However, in his defense, Gardon asserts that his action was merely an "admission of guilt"  and only took responsibility for the missing fund just to have someone accountable from the council. 


“But I was put in a tight spot at that moment, so ang naa ra sa ako mind is we need someone to be accountable,” Gardon defended. 


On the other hand, Rio Ann Ronato, the USSC Treasurer, was also found to have committed “negligence of duty.” Following a vote, the majority consented to impose a “probationary status” on Ronato until the end of the first semester.


The council, however, ruled out that Ronato “is not guaranteed to be affiliated” to Gardon’s actions, and pointed out that this was a “one-man act.” At the onset of the second semester, the board absolved Ronato of the probationary status and was allowed to retain her position as the USSC Treasurer.


On January 19, the draft for the Implementing Rules and Regulations (IRR) for impeachment trials was approved. This provided the council with the opportunity to initiate a trial against the former President, however, Gardon decided not to enroll for the second semester. He has also not filed for a Leave of Absences (LOA) as per Ilaida’s inquiry to the Dean of Students Office (DSO).


This implies that the council could no longer enforce the IRR, as only "bonafide students" of VSU currently holding a post in authority, may be subjected to an impeachment. As a result, his absence automatically removed him from office as a provision outlined in Article XIII, Section 2, Subsection A of the USSC-Baybay CBL  stating that the vice president shall take over the role of the president should the office be vacated.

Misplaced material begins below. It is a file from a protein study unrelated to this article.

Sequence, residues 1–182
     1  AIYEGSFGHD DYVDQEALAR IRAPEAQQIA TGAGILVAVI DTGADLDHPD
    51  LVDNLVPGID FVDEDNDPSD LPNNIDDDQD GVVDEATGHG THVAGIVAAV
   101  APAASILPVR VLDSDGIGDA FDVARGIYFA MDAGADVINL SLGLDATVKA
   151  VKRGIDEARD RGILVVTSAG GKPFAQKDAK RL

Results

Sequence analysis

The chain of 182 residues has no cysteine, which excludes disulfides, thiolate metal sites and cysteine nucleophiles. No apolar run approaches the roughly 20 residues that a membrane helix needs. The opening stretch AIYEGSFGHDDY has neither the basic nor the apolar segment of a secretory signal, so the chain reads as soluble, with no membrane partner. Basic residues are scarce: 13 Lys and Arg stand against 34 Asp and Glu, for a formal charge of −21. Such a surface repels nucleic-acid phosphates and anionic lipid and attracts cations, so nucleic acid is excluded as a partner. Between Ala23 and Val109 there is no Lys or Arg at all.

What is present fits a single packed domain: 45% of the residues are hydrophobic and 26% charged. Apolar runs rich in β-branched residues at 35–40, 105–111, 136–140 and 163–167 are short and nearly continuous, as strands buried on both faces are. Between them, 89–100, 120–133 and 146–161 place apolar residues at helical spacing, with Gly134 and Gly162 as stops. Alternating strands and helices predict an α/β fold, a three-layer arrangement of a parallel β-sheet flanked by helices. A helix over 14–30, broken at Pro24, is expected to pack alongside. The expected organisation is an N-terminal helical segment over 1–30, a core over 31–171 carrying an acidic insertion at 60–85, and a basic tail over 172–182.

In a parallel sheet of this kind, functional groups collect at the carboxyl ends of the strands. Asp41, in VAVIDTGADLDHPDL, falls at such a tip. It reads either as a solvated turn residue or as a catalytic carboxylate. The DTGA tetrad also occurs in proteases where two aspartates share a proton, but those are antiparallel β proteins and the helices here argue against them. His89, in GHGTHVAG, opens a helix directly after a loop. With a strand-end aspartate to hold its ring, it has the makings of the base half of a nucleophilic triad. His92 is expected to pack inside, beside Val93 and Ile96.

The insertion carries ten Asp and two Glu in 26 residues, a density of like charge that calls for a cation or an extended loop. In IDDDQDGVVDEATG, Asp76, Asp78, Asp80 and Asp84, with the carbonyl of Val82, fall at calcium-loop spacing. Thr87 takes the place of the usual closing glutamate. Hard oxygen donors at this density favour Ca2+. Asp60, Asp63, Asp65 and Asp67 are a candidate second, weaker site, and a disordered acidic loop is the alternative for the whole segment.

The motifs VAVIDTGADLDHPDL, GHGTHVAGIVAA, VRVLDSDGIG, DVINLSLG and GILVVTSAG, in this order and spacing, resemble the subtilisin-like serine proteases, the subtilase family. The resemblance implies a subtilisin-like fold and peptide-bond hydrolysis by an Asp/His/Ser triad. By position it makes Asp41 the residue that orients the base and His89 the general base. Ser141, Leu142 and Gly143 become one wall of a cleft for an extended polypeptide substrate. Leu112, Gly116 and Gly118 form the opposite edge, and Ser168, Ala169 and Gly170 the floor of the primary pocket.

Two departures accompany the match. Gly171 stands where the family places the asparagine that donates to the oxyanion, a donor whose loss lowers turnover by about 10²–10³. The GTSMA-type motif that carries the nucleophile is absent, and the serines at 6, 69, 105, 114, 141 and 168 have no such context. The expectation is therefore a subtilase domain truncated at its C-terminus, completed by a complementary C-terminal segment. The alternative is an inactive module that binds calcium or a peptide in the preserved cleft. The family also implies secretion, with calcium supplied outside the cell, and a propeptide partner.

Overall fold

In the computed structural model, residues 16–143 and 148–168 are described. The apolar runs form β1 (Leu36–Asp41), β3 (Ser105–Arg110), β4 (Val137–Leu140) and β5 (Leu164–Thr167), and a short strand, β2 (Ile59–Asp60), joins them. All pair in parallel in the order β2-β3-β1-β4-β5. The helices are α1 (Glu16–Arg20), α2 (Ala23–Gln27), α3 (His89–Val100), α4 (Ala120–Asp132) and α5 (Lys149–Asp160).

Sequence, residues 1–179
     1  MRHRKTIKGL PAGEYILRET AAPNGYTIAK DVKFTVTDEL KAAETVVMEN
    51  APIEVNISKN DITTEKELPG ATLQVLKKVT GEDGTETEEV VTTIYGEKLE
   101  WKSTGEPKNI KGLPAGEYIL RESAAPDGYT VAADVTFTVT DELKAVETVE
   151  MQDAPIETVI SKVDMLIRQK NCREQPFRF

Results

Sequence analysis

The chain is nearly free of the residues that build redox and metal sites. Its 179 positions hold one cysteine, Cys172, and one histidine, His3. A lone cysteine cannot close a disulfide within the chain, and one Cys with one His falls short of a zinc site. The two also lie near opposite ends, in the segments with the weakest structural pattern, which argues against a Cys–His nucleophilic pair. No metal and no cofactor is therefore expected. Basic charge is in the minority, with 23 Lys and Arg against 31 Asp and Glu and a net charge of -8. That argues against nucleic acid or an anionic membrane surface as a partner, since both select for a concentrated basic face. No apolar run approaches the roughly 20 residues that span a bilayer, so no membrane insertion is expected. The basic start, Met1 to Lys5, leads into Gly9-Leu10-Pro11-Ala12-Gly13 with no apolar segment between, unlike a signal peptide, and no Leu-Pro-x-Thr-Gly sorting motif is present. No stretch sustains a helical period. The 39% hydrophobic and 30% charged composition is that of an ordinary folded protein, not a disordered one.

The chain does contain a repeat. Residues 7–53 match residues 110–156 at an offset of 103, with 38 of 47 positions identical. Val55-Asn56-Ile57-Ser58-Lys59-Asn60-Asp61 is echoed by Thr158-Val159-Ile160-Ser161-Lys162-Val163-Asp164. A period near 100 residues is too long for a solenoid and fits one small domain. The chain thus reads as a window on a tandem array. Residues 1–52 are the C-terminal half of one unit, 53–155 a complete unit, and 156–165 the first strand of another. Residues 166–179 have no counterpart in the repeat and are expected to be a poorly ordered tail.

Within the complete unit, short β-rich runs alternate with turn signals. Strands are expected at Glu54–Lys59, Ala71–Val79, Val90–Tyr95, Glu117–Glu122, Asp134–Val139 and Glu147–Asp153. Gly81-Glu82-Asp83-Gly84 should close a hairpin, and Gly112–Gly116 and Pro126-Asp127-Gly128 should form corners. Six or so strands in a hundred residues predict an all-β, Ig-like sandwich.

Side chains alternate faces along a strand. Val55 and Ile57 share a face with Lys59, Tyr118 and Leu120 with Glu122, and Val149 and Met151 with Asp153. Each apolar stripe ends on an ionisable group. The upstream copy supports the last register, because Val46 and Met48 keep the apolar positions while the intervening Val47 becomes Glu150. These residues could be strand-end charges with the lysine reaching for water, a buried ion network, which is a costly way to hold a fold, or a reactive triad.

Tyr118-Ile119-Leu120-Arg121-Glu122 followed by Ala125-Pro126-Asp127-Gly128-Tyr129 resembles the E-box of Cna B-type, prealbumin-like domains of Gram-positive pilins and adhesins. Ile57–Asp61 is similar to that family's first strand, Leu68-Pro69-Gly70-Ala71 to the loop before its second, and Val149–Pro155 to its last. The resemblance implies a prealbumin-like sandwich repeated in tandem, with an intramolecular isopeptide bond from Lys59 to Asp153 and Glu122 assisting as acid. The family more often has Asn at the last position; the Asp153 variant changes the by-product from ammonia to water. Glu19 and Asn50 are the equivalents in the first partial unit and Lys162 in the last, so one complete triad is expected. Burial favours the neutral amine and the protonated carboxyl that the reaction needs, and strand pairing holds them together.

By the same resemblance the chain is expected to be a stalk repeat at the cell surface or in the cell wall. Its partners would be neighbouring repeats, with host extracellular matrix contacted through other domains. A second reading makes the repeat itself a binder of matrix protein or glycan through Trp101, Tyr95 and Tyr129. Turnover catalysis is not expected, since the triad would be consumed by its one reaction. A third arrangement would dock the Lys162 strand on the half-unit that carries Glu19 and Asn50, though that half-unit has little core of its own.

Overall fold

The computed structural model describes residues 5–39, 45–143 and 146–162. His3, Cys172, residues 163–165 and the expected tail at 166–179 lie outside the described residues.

The council has forwarded the board agreement to the DSO to establish a legal foundation for withholding Gardon's credentials until his obligations to the council were resolved.


#NasaanAngPangulo?: Gardon’s Official Statement Regarding his Absence 


In an exclusive interview with AMARANTH, Former USSC President Jhon Rey Gardon stated that the reason why he ceased enrollment for the second semester was because of “personal reasons'’, contrary to the belief that he left the university due to the speculation of misuse of funds.  

“There were personal reasons as to why I didn’t enroll for the second semester,” he opted not to disclose further details with regard to this matter.

Gardon also expressed that even before the semester started and the “issue” made rounds, he was already contemplating whether to continue his studies during the first semester. 

Prior to his absence this semester, Gardon was already suspended by the USSC in November 2023. He explained that his suspension was based upon a couple of articles in their CBL which he violated as stated by the council, something which he admittingly was oblivious of after being asked for such specific provisions. 

This coincides with the council’s stand, through Dumpa, that the sanctions imposed on Gardon are all based on violations of provisions in the CBL and not necessarily from the question of missing funds.

By his time of suspension, Gardon consulted the Office of the Vice-President on Student Affairs and Services (OVPSAS), and they responded to let the council finish the liquidation process first and wait for the constitutionality of the suspension.